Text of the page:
As these Icelandic experiences accumulated, I found myself pondering the place of beauty in our world. Attention to it abounds in our culture, but I wonder if it is mostly in misguided ways? It is often confined to the world of glitz and glamour. High fashion. Loads of make-up. Run-way strutting. Cosmetic enhancement. The definition of beauty that fuels that world serves to elevate and separate people and groups in ways that offer little to the world at large other than a momentary flash of desire followed by a wake of lust and envy. Beauty is so much more – or perhaps better stated, so much other than what is frequently embraced as its sum total.

Definitions for beauty emphasize receiving pleasure or deep satisfaction to the mind. Such a general definition is appropriate for a subjective topic. Its breadth allows us to move on from the common stereotypes and ask in what else or where else do we discover pleasure and satisfaction to the mind. An easy answer to the question is that creation itself presents us with numerous opportunities to recognize beauty. Art museums are choice locations for searching for beauty as well. Regardless of what you or I may think of a particular style of art, collectors’ desires for certain items and their willingness to pay the staggering price tags attached to them suggest someone values those works. For others, it could be the latest version of a particular sports car. Or an athlete or dancer executing their moves with effortless perfection. Rarer perhaps is the recognition of beauty when it occurs within social networks and relationships – comforting an upset child; caring for an aging parent; couples anticipating each other’s needs.

If the options are that numerous, and the definition is that fluid, how do we know when we are beholding beauty? For starters, beauty inspires. It triggers wonder and awe. It could be the mouth gaping, wow moments. It could be the quieter, satisfying “aha” or “hmmm” moments. Beauty stuns our senses, just enough to slow us and grab our attention.

When beauty is experienced, the viewer momentarily transcends their prior occupation or circumstance. Swept up in the encounter, a certain exhilaration touches the soul as we attempt to extend the pleasure of the moment. In the spirit of Jack Nicholson’s line in As Good As It Gets, it may even make you want to be a better person.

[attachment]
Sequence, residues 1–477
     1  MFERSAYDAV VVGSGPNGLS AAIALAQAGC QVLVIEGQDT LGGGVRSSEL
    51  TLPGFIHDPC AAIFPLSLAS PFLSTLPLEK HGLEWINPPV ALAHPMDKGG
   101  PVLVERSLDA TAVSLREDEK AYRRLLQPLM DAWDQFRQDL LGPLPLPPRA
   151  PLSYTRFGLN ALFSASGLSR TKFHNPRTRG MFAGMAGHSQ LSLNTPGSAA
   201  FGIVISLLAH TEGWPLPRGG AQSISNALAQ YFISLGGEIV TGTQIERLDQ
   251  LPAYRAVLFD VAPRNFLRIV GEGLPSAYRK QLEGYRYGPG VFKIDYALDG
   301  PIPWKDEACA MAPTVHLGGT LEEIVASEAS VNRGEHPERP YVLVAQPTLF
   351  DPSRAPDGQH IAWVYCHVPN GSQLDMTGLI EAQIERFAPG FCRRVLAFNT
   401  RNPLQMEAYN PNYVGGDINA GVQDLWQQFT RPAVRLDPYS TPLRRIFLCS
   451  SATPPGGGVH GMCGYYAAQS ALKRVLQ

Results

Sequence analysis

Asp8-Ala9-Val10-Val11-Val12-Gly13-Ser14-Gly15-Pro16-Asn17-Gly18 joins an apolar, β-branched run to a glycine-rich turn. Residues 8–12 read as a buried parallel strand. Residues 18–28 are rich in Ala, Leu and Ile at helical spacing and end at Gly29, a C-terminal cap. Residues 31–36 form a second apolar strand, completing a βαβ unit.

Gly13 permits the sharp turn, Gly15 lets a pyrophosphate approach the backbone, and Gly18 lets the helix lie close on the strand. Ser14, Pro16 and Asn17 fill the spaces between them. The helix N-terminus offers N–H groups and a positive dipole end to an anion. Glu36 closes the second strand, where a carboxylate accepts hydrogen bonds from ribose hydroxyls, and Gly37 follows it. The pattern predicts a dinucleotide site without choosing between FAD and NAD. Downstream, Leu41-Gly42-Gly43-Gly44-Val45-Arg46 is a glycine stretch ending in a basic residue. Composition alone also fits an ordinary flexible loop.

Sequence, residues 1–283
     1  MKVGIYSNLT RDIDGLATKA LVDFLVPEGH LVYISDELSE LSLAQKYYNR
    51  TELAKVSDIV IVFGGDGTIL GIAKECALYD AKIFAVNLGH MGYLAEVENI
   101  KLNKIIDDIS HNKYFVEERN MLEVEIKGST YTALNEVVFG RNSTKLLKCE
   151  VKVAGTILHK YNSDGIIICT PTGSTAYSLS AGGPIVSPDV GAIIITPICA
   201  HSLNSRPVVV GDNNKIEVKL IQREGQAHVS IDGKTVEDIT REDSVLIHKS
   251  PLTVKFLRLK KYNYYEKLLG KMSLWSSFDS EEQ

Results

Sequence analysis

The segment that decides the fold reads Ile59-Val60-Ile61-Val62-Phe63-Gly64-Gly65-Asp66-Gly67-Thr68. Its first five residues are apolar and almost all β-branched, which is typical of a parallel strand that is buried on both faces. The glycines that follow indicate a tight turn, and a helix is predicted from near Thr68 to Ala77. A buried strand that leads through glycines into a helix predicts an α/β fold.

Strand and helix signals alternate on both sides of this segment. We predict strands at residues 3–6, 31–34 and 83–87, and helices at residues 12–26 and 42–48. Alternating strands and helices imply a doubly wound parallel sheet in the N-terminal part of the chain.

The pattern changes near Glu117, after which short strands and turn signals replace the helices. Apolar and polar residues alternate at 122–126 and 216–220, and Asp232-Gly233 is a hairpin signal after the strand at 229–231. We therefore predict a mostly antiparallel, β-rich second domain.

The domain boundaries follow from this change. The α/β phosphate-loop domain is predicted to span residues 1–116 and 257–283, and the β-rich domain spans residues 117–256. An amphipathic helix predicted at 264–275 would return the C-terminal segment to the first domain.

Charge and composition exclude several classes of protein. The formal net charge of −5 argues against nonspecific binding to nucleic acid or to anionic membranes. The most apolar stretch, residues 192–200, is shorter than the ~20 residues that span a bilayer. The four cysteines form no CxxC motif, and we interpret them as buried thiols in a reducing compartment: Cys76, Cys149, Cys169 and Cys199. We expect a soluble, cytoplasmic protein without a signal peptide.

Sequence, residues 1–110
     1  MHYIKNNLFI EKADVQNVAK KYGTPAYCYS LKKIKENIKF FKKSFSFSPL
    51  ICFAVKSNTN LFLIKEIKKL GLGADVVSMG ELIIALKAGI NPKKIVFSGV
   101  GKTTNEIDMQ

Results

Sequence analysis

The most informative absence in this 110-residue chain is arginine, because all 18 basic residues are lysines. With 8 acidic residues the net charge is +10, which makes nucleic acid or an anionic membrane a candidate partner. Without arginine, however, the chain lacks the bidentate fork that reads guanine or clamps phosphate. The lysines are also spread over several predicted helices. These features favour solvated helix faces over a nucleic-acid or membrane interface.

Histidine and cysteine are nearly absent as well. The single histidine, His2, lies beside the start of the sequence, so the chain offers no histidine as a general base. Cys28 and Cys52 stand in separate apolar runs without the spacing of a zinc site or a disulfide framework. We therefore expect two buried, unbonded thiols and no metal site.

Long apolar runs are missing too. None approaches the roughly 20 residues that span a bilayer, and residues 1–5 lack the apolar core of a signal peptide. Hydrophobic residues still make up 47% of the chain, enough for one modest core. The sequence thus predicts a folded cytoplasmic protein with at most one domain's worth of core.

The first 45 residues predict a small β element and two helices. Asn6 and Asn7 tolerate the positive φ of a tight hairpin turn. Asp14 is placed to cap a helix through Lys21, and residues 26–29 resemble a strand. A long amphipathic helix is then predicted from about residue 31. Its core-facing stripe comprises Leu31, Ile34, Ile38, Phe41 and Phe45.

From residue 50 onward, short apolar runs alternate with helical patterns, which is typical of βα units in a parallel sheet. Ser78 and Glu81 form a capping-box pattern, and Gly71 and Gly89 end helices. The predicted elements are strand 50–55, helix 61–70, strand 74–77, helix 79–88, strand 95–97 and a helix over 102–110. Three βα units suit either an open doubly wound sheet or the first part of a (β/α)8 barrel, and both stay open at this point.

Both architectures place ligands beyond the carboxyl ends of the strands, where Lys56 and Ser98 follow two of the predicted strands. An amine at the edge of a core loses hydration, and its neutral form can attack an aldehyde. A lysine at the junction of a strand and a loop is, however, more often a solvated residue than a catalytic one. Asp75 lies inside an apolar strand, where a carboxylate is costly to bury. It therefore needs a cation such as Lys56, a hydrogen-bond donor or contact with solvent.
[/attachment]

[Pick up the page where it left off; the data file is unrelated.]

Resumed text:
Beauty invites us to look, to ponder, and to enjoy. Like sitting for hours in front of a painting that catches our eye, beauty invites us to linger – to notice, appreciate, and contemplate. I once had a New Testament professor who, when he discovered a new insight that deserved attention would invite students to “marinate” in that idea for a while. As a food prep term, “marinate” took some getting used to an academic context, but it was an effective image. To this day, I enjoy marinating in new and intriguing ideas.  Marinating in beauty could just be a discipline worth cultivating!

It may be that the best way to achieve pleasure or satisfaction of the mind from an instance of beauty is be quiet. It is tempting to rush into the middle of a beautiful moment in an effort to be closer or even be counted as part of it. It may be better to reign in that impulse. Instead try to be hushed. Observe. Appreciate. And let beauty fall over you like a gentle rain. I found that to be true recently. As a congregation sang a hymn, the experience of being quiet and listening to the music being sung was a more beauteous experience than singing along with them. Of course, if everyone did that, the moment would fall apart! The point is that sometimes we gain from a half-step back from full participation.

Iceland has provided a refresher course on the topic of beauty. Speaking for myself, I may be guilty of failing to notice it often enough. Perhaps I need to be more intentional in the search. Like birders armed with binoculars in hand, I would benefit to keep my eyes peeled for evidence of beauty that is around me. Even if beauty surrounds us, we will only appreciate what our eyes manage to behold.